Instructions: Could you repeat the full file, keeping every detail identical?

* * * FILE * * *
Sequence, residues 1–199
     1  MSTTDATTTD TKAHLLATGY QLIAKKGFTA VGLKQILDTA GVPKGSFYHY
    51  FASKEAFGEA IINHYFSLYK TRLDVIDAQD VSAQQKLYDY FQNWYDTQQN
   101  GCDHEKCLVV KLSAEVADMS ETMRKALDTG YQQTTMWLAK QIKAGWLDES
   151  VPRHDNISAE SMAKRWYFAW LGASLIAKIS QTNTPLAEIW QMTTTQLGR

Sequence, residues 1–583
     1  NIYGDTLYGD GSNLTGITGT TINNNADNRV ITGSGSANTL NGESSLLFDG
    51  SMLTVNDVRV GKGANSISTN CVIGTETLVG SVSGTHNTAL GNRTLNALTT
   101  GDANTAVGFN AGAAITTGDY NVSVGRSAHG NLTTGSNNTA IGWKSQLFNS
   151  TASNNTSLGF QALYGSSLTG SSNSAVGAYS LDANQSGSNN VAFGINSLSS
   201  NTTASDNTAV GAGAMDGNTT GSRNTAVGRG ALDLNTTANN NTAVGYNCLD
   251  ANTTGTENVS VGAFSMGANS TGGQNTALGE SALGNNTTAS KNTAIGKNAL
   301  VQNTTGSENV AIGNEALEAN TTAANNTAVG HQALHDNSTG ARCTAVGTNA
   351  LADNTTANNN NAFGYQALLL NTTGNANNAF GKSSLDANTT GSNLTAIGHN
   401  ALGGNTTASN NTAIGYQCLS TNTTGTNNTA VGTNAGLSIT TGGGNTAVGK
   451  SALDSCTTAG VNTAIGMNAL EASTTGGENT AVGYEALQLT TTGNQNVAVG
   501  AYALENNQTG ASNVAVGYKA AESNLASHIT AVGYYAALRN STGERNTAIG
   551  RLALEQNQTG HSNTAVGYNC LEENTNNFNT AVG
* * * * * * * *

Sequence, residues 1–199
     1  MSTTDATTTD TKAHLLATGY QLIAKKGFTA VGLKQILDTA GVPKGSFYHY
    51  FASKEAFGEA IINHYFSLYK TRLDVIDAQD VSAQQKLYDY FQNWYDTQQN
   101  GCDHEKCLVV KLSAEVADMS ETMRKALDTG YQQTTMWLAK QIKAGWLDES
   151  VPRHDNISAE SMAKRWYFAW LGASLIAKIS QTNTPLAEIW QMTTTQLGR

Sequence, residues 1–583
     1  NIYGDTLYGD GSNLTGITGT TINNNADNRV ITGSGSANTL NGESSLLFDG
    51  SMLTVNDVRV GKGANSISTN CVIGTETLVG SVSGTHNTAL GNRTLNALTT
   101  GDANTAVGFN AGAAITTGDY NVSVGRSAHG NLTTGSNNTA IGWKSQLFNS
   151  TASNNTSLGF QALYGSSLTG SSNSAVGAYS LDANQSGSNN VAFGINSLSS
   201  NTTASDNTAV GAGAMDGNTT GSRNTAVGRG ALDLNTTANN NTAVGYNCLD
   251  ANTTGTENVS VGAFSMGANS TGGQNTALGE SALGNNTTAS KNTAIGKNAL
   301  VQNTTGSENV AIGNEALEAN TTAANNTAVG HQALHDNSTG ARCTAVGTNA
   351  LADNTTANNN NAFGYQALLL NTTGNANNAF GKSSLDANTT GSNLTAIGHN
   401  ALGGNTTASN NTAIGYQCLS TNTTGTNNTA VGTNAGLSIT TGGGNTAVGK
   451  SALDSCTTAG VNTAIGMNAL EASTTGGENT AVGYEALQLT TTGNQNVAVG
   501  AYALENNQTG ASNVAVGYKA AESNLASHIT AVGYYAALRN STGERNTAIG
   551  RLALEQNQTG HSNTAVGYNC LEENTNNFNT AVG